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dc.contributor.authorMarshall, Benjamin Men_UK
dc.contributor.authorStrine, Colin Ten_UK
dc.contributor.authorFukushima, Caroline Sen_UK
dc.contributor.authorCardoso, Pedroen_UK
dc.contributor.authorOrr, Michael Cen_UK
dc.contributor.authorHughes, Alice Cen_UK
dc.description.abstractWildlife trade is a major driver of biodiversity loss, yet whilst the impacts of trade in some species are relatively well-known, some taxa, such as many invertebrates are often overlooked. Here we explore global patterns of trade in the arachnids, and detected 1,264 species from 66 families and 371 genera in trade. Trade in these groups exceeds millions of individuals, with 67% coming directly from the wild, and up to 99% of individuals in some genera. For popular taxa, such as tarantulas up to 50% are in trade, including 25% of species described since 2000. CITES only covers 30 (2%) of the species potentially traded. We mapped the percentage and number of species native to each country in trade. To enable sustainable trade, better data on species distributions and better conservation status assessments are needed. The disparity between trade data sources highlights the need to expand monitoring if impacts on wild populations are to be accurately gauged and the impacts of trade minimised.en_UK
dc.publisherSpringer Science and Business Media LLCen_UK
dc.relationMarshall BM, Strine CT, Fukushima CS, Cardoso P, Orr MC & Hughes AC (2022) Searching the web builds fuller picture of arachnid trade. Communications Biology, 5 (1), Art. No.: 448.
dc.rightsThis article is licensed under a Creative Commons Attribution 4.0 International License, which permits use, sharing, adaptation, distribution and reproduction in any medium or format, as long as you give appropriate credit to the original author(s) and the source, provide a link to the Creative Commons license, and indicate if changes were made. The images or other third party material in this article are included in the article’s Creative Commons license, unless indicated otherwise in a credit line to the material. If material is not included in the article’s Creative Commons license and your intended use is not permitted by statutory regulation or exceeds the permitted use, you will need to obtain permission directly from the copyright holder. To view a copy of this license, visit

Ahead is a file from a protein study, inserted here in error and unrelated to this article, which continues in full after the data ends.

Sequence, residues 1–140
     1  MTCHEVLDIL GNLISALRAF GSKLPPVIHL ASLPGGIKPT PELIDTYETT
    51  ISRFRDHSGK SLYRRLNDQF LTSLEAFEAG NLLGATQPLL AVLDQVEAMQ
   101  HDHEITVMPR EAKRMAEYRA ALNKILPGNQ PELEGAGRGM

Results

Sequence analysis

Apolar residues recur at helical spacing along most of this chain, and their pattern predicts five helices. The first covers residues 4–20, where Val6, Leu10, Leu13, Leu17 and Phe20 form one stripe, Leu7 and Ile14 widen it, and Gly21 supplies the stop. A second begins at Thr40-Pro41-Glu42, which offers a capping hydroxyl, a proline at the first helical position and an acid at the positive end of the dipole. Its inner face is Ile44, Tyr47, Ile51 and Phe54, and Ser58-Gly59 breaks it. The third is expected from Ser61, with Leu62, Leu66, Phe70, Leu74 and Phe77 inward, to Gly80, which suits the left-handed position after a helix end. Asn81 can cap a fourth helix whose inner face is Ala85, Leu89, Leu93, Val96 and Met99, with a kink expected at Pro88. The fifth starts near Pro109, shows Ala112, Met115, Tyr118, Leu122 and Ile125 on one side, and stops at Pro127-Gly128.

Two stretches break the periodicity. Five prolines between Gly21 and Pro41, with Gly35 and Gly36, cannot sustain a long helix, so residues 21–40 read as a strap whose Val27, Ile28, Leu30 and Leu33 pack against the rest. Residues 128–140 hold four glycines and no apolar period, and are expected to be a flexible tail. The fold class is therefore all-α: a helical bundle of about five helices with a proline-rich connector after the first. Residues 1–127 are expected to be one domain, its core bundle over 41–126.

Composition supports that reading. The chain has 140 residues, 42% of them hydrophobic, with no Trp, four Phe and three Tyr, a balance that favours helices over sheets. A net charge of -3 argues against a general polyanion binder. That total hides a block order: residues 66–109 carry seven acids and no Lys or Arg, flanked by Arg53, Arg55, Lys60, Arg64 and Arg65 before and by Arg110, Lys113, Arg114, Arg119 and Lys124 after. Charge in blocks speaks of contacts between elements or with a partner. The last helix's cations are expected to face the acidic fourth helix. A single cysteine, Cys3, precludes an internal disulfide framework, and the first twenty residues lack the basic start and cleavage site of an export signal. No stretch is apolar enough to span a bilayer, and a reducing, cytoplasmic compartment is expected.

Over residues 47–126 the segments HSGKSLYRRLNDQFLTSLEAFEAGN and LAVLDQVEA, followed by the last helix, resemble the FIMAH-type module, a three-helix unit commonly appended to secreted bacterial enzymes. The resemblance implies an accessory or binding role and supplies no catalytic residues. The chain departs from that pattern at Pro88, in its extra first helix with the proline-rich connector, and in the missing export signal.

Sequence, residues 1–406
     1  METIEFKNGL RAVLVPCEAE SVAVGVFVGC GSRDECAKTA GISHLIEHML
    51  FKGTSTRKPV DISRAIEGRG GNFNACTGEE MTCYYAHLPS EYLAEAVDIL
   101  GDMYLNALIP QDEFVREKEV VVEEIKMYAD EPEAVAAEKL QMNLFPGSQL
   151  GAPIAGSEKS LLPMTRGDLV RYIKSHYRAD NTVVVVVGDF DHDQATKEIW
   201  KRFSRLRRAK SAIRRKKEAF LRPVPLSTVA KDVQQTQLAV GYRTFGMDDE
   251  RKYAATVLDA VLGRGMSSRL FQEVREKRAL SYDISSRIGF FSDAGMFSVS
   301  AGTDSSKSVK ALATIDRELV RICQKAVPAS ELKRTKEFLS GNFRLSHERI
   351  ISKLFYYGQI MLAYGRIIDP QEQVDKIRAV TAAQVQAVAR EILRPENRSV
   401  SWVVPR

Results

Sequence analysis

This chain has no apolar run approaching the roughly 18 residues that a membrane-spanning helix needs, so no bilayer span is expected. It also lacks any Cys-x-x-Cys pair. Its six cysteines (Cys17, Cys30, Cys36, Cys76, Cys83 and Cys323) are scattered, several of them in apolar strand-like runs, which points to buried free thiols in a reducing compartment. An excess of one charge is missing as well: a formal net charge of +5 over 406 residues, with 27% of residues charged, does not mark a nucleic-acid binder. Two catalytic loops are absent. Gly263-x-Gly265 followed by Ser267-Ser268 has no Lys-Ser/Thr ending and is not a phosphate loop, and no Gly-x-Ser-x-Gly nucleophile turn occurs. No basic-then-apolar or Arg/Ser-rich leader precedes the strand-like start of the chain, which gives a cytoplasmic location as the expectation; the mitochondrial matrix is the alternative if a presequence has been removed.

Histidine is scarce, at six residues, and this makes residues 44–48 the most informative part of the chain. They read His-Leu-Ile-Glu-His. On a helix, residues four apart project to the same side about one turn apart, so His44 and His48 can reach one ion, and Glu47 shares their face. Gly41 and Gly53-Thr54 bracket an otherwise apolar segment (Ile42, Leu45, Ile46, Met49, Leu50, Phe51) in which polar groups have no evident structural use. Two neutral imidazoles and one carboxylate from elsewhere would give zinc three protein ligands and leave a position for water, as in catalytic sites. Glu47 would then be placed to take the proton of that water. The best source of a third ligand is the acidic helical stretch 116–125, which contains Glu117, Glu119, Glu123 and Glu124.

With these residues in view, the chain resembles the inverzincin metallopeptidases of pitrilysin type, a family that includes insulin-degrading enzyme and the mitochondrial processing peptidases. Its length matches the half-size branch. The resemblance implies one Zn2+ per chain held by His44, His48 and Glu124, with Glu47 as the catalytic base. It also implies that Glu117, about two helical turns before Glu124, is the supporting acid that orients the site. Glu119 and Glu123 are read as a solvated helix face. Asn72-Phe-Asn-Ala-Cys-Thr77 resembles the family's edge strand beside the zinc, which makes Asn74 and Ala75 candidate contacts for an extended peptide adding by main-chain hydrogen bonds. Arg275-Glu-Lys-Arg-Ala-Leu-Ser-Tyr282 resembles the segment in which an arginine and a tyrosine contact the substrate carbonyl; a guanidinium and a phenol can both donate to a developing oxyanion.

dc.subjectGeneral Agricultural and Biological Sciencesen_UK
dc.subjectGeneral Biochemistry, Genetics and Molecular Biologyen_UK
dc.subjectMedicine (miscellaneous)en_UK
dc.titleSearching the web builds fuller picture of arachnid tradeen_UK
dc.typeJournal Articleen_UK
dc.citation.jtitleCommunications Biologyen_UK
dc.type.statusVoR - Version of Recorden_UK
dc.contributor.affiliationSuranaree University of Technologyen_UK
dc.contributor.affiliationSuranaree University of Technologyen_UK
dc.contributor.affiliationUniversity of Helsinkien_UK
dc.contributor.affiliationUniversity of Helsinkien_UK
dc.contributor.affiliationChinese Academy of Sciencesen_UK
dc.contributor.affiliationUniversity of Hong Kongen_UK
rioxxterms.apcnot requireden_UK
rioxxterms.typeJournal Article/Reviewen_UK
local.rioxx.authorMarshall, Benjamin M|0000-0001-9554-0605en_UK
local.rioxx.authorStrine, Colin T|0000-0001-5614-292Xen_UK
local.rioxx.authorFukushima, Caroline S|en_UK
local.rioxx.authorCardoso, Pedro|en_UK
local.rioxx.authorOrr, Michael C|0000-0002-9096-3008en_UK
local.rioxx.authorHughes, Alice C|0000-0002-0675-7552en_UK
local.rioxx.projectInternal Project|University of Stirling|
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